Gravure, Uno — Wilfredo Lam

“Fact” — Langston Hughes

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Ishmael Reed (Book acquired, 8.20.2015)

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I love love love the cover of this Ishmael Reed mass market paperback Bantam edition of The Free-Lance Pallbearers. image

The Bus, Paul Kirchner’s marvelous and surreal comic strip trip

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For the past year, I’ve run a strip from Paul Kirchner’s cult classic The Bus each Sunday. The strips come from an album posted at Imgur full of high quality scans. I posted the last scan last week.

The Bus originally ran in Heavy Metal from 1979-1985; Kirchner’s done a few new strips over the past few years, as he notes in a recent memoir-piece at The Boston Globe.

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I’ve enjoyed posting the strips tremendously. I first saw a few strips at an image forum I frequent, and quickly found the Imgur album. Posting one each Sunday was my way of, well, not bingeing on them.

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The Bus is a profound strange wonderful trip. Kirchner’s visions often evoke Escher’s paradoxes, and the best of his strips make us attend closely to what we’d otherwise dismiss. The Bus is subtle and sly, occasionally (very occasionally) dark, but also, I would argue, sensitive—there’s something deeply endearing about the strip’s central human protagonist, an often passive (even hapless) passenger, a kind of late-20th century Everyman. Continue reading “The Bus, Paul Kirchner’s marvelous and surreal comic strip trip”

Cave Bird – Leonard Baskin

Cave Bird

From Cave Birds: An Alchemical Cave Drama. Poems by Ted Hughes, illustrations by Leonard Baskin.

Two Friends — Egon Schiele

Crimes of the Moonlight Melonmounter (Cormac McCarthy’s Suttree)

Still Life with Watermelons, Frida Kahlo

Two pairs of brogans went along the rows.

You aint goin to believe this.

Knowin you for a born liar I most probably wont.

Somebody has been fuckin my watermelons.

What?

I said somebody has been …

No. No. Hell no. Damn you if you aint got a warped mind.

I’m tellin you …

“I dont want to hear it.

Looky here.

And here.

They went along the outer row of the melonpatch. He stopped to nudge a melon with his toe. Yellowjackets snarled in the seepage. Some were ruined a good time past and lay soft with rot, wrinkled with imminent collapse.

It does look like it, dont it?

I’m tellin ye I seen him. I didnt know what the hell was goin on when he dropped his drawers. Then when I seen what he was up to I still didnt believe it. But yonder they lay.

What do you aim to do?

Hell, I dont know. It’s about too late to do anything. He’s damn near screwed the whole patch. I dont see why he couldnt of stuck to just one. Or a few.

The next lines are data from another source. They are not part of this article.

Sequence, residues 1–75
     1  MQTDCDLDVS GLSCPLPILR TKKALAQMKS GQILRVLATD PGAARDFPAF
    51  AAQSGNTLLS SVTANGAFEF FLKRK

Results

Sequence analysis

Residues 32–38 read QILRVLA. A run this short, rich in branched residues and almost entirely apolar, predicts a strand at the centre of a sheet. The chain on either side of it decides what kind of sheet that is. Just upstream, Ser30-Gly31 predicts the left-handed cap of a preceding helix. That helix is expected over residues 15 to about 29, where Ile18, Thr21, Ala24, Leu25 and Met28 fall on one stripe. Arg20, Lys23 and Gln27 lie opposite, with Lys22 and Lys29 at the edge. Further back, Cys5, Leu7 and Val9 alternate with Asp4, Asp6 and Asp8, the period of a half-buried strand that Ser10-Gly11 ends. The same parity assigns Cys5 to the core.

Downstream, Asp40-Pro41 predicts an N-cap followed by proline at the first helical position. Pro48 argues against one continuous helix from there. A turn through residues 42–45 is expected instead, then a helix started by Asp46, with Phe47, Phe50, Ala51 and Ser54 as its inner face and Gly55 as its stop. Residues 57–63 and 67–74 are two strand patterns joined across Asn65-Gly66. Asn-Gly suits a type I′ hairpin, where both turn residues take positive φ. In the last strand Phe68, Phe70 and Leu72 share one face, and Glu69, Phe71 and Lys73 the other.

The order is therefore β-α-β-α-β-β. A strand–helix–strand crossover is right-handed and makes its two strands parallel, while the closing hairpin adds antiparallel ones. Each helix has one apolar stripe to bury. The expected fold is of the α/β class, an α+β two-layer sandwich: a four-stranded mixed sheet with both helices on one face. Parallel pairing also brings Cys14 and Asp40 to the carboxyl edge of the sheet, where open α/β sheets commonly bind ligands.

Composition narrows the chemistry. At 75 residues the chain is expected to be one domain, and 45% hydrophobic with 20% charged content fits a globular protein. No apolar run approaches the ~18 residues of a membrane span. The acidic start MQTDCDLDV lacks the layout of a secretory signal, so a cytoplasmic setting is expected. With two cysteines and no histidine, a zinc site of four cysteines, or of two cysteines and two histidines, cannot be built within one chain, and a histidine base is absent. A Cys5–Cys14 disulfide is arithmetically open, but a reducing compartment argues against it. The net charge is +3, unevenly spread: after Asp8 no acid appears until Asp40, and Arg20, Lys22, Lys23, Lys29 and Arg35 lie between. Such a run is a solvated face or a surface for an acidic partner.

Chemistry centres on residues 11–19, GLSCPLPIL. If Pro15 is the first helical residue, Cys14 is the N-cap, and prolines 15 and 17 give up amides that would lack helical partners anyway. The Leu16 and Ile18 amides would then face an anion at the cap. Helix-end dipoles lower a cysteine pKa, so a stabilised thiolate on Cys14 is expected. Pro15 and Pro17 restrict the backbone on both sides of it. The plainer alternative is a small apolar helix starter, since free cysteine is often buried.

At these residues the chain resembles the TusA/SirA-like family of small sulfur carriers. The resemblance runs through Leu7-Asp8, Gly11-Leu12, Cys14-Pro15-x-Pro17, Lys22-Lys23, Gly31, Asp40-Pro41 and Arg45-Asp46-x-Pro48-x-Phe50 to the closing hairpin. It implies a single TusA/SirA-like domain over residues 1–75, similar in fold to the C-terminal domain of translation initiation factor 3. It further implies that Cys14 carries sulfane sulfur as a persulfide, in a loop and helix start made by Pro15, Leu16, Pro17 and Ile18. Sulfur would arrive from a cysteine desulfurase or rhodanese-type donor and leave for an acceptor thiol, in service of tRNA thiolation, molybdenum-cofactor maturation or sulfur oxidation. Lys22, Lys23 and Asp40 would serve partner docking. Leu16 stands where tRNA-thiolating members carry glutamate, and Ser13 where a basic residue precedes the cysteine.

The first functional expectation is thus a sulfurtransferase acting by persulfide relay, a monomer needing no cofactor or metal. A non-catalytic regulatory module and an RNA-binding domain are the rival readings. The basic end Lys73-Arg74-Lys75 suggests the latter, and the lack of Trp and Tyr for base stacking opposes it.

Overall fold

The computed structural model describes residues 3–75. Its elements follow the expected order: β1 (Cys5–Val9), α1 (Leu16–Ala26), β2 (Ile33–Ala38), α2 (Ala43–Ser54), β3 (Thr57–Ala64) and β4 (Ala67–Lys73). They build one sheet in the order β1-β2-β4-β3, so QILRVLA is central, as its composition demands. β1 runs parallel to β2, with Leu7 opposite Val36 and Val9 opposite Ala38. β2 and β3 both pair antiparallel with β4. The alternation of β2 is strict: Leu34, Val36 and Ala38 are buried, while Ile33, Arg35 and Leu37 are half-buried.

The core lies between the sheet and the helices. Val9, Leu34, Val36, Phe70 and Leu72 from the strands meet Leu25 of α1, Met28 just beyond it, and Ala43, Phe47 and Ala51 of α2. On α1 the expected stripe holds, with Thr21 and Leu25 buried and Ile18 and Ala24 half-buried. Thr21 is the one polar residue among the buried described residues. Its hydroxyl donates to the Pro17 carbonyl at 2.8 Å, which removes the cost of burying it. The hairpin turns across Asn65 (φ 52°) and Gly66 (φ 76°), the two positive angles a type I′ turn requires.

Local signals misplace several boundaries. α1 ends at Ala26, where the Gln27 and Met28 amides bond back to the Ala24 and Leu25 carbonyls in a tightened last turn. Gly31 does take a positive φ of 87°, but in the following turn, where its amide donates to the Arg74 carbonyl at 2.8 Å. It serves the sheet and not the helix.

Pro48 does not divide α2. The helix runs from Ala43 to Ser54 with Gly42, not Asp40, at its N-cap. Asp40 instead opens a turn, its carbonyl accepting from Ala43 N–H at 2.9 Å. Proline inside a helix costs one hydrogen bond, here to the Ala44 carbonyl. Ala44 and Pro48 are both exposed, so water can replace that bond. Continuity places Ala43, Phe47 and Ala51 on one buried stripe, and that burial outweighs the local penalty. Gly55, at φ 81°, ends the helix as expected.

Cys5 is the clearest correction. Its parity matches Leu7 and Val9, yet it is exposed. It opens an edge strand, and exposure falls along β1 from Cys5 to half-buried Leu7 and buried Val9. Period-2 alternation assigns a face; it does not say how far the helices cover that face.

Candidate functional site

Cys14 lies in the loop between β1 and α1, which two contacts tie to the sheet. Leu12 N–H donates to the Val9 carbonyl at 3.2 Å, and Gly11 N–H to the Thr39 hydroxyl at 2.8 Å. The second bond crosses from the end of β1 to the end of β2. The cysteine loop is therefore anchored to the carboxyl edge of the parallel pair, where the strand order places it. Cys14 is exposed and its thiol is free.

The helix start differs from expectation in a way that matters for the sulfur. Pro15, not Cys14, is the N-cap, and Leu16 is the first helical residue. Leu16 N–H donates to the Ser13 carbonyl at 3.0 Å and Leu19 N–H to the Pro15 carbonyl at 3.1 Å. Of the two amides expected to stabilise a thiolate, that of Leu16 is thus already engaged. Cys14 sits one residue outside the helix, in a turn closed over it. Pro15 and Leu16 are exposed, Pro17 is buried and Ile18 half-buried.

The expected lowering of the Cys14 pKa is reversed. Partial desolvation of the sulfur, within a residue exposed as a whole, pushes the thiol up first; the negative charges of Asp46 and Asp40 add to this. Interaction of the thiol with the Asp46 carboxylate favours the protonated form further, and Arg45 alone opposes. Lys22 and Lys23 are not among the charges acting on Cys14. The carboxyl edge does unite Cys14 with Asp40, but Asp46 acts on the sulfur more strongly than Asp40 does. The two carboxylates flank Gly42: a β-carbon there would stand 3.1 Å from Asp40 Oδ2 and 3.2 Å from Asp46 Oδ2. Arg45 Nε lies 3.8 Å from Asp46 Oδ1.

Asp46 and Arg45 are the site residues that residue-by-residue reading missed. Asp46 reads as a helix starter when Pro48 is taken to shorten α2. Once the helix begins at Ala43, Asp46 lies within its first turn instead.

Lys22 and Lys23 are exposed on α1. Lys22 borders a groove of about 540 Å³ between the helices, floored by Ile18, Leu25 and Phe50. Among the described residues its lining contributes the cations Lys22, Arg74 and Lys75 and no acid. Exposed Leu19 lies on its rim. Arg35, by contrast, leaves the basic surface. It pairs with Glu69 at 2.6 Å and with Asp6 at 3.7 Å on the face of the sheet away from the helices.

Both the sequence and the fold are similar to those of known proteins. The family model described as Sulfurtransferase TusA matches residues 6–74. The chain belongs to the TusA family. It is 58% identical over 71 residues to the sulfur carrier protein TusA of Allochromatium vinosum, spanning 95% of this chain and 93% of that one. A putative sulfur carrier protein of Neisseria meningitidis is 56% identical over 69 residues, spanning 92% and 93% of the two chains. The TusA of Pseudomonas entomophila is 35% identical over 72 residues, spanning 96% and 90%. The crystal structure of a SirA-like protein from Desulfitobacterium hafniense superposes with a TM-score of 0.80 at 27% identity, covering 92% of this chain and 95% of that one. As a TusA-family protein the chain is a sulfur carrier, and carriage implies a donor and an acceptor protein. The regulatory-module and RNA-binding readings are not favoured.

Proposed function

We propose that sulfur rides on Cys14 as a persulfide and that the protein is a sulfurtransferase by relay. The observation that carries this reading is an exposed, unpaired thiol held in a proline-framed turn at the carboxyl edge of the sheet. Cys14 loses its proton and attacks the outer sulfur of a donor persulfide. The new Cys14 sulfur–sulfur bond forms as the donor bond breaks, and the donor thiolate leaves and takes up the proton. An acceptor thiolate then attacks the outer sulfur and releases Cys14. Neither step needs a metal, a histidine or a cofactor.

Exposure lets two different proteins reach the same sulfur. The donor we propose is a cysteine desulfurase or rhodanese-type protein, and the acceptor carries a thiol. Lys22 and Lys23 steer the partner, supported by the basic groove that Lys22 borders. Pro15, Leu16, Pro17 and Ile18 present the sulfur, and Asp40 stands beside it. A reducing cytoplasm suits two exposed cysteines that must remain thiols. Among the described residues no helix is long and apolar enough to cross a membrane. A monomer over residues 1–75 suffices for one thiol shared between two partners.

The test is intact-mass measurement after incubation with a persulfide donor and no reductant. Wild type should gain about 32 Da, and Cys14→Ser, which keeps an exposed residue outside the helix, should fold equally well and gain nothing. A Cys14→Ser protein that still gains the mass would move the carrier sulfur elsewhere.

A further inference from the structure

Well, I guess he takes himself for a lover. Sort of like a sailor in a whorehouse.

I reckon what it was he didnt take to the idea of gettin bit on the head of his pecker by one of them waspers. I suppose he showed good judgment there.

What was he, just a young feller?

I dont know about how young he was but he was as active a feller as I’ve seen in a good while.

Well. I dont reckon he’ll be back.

I dont know. A man fast as he is ought not to be qualmy about goin anywheres he took a notion. To steal or whatever.

What if he does come back?

I’ll catch him if he does.

And then what?

Well. I dont know. Be kindly embarrassin now I think about it.

I’d get some work out of him is what I’d do.

Ought to, I reckon. I dont know.

You reckon to call the sheriff?

And tell him what?

They were walking slowly along the rows.

It’s just the damndest thing I ever heard of. Aint it you? What are you grinnin at? It aint funny. A thing like that. To me it aint.

One of my favorite passages from Cormac McCarthy’s novel Suttree. The title of this post also comes from the novel, several pages later, after the melonmounter has been apprehended.

Entries under “D” from Captain Grose’s Dictionary of the Vulgar Tongue (1811)

The following definitions are from the “D” section of Captain Grose’s Dictionary of the Vulgar Tongue (1811).

 

DAB. An adept; a dab at any feat or exercise. Dab,
quoth Dawkins, when he hit his wife on the a-se with a
pound of butter.

DACE. Two pence. Tip me a dace; lend me two pence.
CANT.

DADDLES. Hands. Tip us your daddle; give me your hand.
CANT.

DADDY. Father. Old daddy; a familiar address to an old man. To beat daddy mammy; the first rudiments of drum beating, being the elements of the roll.

DAGGERS. They are at daggers drawing; i.e. at enmity,
ready to fight.

DAIRY. A woman’s breasts, particularly one that gives
suck. She sported her dairy; she pulled out her breast.

DAISY CUTTER. A jockey term for a horse that does not lift up his legs sufficiently, or goes too near the ground, and is therefore apt to stumble.

DAISY KICKERS. Ostlers at great inns.

DAM. A small Indian coin, mentioned in the Gentoo code of laws: hence etymologists may, if they please, derive the common expression, I do not care a dam, i.e. I do not care half a farthing for it.

DAMBER. A rascal. See DIMBER.

DAMME BOY. A roaring, mad, blustering fellow, a scourer of the streets, or kicker up of a breeze. Continue reading “Entries under “D” from Captain Grose’s Dictionary of the Vulgar Tongue (1811)”

Engraving of Clara the Rhino and a Human Skeleton from Bernhard Siegried Albinus’ Tabulae sceleti et musculorum corporis humani

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(Via, more).

“The Tadpole and the Frog,” a fable from Robert Louis Stevenson

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Harmony — Remedios Varo